By: Katelyn Norris
Young music makers always dream of making it big and creating Hollywood connections, but for Joe Morgan his dream has always been a little different.
Morgan is a junior Music Tech major at Bellarmine University. He said he has been creating music since the seventh grade.
“[I started] learning piano when I was younger and I didn’t really like it then but then I started creating music on GarageBand on my dad’s iPad,” Morgan said. “I liked it a little bit and then I tried it on the computer [and] from there I just kept making music and my passion for it kept growing.”
Morgan said while he grew up listening to various genres of music spanning multiple decades, he found that it didn’t directly inspire any of his music. He said while this fostered his love of music what actually inspires his work is the exploration of the art.
He said he enjoys Spotify deep dives to find new and exciting starting musicians. For him, discovering small artists is a way to open his world to new sounds as well as supporting fellow artists.
“I think it’s the variety of music is what inspires me to make music. With all the different influences that I can pull from, I feel like it creates an even more unique piece of music just with all the different influences,” Morgan said. “I’m at the point in my career where I no longer want to create one specific genre of music so I want to make everything I can.”
Senior Taylor Marden said she has always been an avid lover of Morgan’s music. She said she has big hopes for him and wants him to succeed in musical endeavors.
“I get very excited when Joe releases a new tune or song,” Marden said. “I think he brings a fresh perspective to music in a very saturated market.”
Marden additionally said Morgan always manages to light up a room and his music is no different. She said his music always has a nice feel to it.
“I think Joe blends the line of Indie pop and an authentic D.J. I think he would laugh to hear me say that, but Joe blends sounds together to create a feeling,” Marden said.
Morgan said his ideal job would be to a producer for a couple of small artists and to grow with them. He said he feels that his music can be more genuine if he gets to work with smaller artists.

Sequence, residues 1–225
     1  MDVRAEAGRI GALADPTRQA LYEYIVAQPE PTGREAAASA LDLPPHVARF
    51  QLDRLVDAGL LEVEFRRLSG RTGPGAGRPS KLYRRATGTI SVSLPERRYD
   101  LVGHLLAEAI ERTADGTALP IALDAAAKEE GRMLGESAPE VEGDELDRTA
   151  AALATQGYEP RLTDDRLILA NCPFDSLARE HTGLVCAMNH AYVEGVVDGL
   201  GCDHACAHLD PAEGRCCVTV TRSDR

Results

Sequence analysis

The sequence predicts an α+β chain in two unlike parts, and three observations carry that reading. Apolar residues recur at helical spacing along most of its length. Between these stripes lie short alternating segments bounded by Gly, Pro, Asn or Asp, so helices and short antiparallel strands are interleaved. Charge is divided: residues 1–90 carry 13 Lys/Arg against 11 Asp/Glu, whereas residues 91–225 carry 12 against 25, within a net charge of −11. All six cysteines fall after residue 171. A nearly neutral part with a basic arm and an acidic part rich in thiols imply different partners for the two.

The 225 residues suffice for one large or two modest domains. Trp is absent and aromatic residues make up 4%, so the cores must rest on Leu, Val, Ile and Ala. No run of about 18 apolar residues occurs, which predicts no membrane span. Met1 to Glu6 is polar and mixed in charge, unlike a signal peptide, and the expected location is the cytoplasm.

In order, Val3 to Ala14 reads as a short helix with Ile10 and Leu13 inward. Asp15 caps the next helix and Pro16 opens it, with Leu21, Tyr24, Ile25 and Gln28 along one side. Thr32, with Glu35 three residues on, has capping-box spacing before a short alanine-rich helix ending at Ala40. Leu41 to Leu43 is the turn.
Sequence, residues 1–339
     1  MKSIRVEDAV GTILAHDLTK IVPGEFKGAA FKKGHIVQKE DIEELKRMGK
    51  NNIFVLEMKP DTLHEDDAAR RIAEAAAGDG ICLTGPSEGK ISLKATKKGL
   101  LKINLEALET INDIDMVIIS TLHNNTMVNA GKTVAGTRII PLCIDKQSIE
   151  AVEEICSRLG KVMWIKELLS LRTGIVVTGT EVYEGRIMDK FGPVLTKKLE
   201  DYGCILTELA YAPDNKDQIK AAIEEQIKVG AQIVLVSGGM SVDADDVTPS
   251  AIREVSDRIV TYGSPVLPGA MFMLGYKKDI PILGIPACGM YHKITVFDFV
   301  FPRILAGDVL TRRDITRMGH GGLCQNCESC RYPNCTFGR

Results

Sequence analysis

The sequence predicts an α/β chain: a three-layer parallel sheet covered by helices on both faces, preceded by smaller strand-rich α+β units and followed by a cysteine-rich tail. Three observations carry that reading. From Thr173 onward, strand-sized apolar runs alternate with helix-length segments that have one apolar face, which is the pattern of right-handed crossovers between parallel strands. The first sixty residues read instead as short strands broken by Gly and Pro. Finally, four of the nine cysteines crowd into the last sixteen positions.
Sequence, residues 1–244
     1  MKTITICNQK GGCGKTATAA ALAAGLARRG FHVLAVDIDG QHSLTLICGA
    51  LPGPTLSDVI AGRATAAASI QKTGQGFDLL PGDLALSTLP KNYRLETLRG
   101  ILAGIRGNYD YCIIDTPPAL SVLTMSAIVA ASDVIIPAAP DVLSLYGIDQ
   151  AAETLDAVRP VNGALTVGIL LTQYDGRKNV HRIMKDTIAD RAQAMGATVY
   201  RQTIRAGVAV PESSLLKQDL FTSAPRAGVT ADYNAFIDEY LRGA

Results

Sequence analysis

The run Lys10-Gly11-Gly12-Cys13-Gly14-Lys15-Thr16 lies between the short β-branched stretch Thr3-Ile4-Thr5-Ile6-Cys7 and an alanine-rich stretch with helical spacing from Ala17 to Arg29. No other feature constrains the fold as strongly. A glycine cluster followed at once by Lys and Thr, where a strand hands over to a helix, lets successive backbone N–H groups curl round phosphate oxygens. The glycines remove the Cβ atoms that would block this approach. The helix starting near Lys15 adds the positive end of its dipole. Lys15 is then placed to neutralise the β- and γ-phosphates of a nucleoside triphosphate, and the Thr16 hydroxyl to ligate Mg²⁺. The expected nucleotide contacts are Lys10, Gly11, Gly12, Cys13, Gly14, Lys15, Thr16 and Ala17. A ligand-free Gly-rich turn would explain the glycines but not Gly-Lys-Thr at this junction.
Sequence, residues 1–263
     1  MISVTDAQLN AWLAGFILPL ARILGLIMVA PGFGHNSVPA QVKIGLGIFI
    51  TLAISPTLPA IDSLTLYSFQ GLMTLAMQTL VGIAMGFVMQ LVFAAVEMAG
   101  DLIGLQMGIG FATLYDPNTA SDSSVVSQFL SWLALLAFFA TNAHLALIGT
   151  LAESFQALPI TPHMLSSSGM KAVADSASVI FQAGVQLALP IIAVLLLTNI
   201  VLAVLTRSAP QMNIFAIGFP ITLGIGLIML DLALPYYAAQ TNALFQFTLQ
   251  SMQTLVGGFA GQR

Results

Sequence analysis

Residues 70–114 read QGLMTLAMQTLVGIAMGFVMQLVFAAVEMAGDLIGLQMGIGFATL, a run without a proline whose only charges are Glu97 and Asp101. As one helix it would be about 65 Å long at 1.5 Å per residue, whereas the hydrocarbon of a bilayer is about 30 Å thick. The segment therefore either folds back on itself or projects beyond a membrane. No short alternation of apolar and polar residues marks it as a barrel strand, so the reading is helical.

“Hopefully, I can find other artists who I feel have the potential and to work with them and then help them they’re also starting from the bottom. We can grow together and with me being in the background because I don’t necessarily want the attention.”
Conor Waldman, a professor in the music department, said he has seen Joe grow as a musician and as a student over the past few years. He said Joe has always been a professional and it shocked him the first time he heard Morgan’s music as he did not expect to hear that caliber of music from a first-year.
“I don’t think Joe has had trouble finding his sound, but I do think it’s easy to get locked into certain musical habits,” Waldman said. “Joe has demonstrated that he can approach new methods and styles of music without compromising the quality of his work.”
Waldman also said he believe Joe is a multifaceted musician who is always striving to be a better musician.
“I truly enjoy his music. It’s simultaneously dark and beautiful. He has a great ear, and the sound design he uses in his music is very well-crafted,” Waldman said. “Many people have trouble finding thier ‘sound’. Joe has definitely found his sound.”
Morgan said he is very proud of the music he has put out and he is even happier with the content he releasees on his Instagram as well. He loves being a small artist in that way, he said he enjoys being able to interact directly with people who enjoy his music.
“When you’re that small you have time to reply to every single comment in every single direct message at all,” Morgan said. “And that’s really good because then you can really establish that connection with your fanbase and that is what makes people become fans.”
Morgan said he is worried by COVID’s impact of the live music industry and hopes that it resurfaces soon. He said he worries music could become his part-time job as opposed to his full-time passion.
“With the music industry being so strange right now like 90% of small venues are shutting down like forever and Spotify is taking more money from artists now. The worry I have is that being a musician or an artist isn’t going to be a sustainable career just because of the money,” Morgan said.
However, Morgan said he is working on completing his degree at BU and learning everything he can in his classes to help him become a better artist.
“I can still apply to my career you know so I’ve taken music theory which will help me with making music because it helps me know how to make music and then I’m taking like jazz harmony a lot of jazz theory can be applied to regular music. I’m still learning a lot that I can apply to making my music right now and in the future,” Morgan said.